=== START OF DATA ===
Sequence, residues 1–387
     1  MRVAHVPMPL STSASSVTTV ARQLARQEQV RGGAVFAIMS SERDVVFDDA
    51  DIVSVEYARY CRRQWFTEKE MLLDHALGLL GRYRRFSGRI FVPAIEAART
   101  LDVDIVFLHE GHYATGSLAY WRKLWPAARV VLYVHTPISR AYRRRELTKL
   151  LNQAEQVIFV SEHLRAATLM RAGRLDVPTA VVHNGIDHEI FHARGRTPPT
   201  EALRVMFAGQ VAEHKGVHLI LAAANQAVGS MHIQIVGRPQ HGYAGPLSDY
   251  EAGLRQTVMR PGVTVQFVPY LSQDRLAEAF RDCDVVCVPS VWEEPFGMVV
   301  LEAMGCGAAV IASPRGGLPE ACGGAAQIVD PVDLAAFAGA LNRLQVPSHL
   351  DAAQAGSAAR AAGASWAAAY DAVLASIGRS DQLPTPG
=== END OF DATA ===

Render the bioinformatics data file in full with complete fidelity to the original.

Sequence, residues 1–387
     1  MRVAHVPMPL STSASSVTTV ARQLARQEQV RGGAVFAIMS SERDVVFDDA
    51  DIVSVEYARY CRRQWFTEKE MLLDHALGLL GRYRRFSGRI FVPAIEAART
   101  LDVDIVFLHE GHYATGSLAY WRKLWPAARV VLYVHTPISR AYRRRELTKL
   151  LNQAEQVIFV SEHLRAATLM RAGRLDVPTA VVHNGIDHEI FHARGRTPPT
   201  EALRVMFAGQ VAEHKGVHLI LAAANQAVGS MHIQIVGRPQ HGYAGPLSDY
   251  EAGLRQTVMR PGVTVQFVPY LSQDRLAEAF RDCDVVCVPS VWEEPFGMVV
   301  LEAMGCGAAV IASPRGGLPE ACGGAAQIVD PVDLAAFAGA LNRLQVPSHL
   351  DAAQAGSAAR AAGASWAAAY DAVLASIGRS DQLPTPG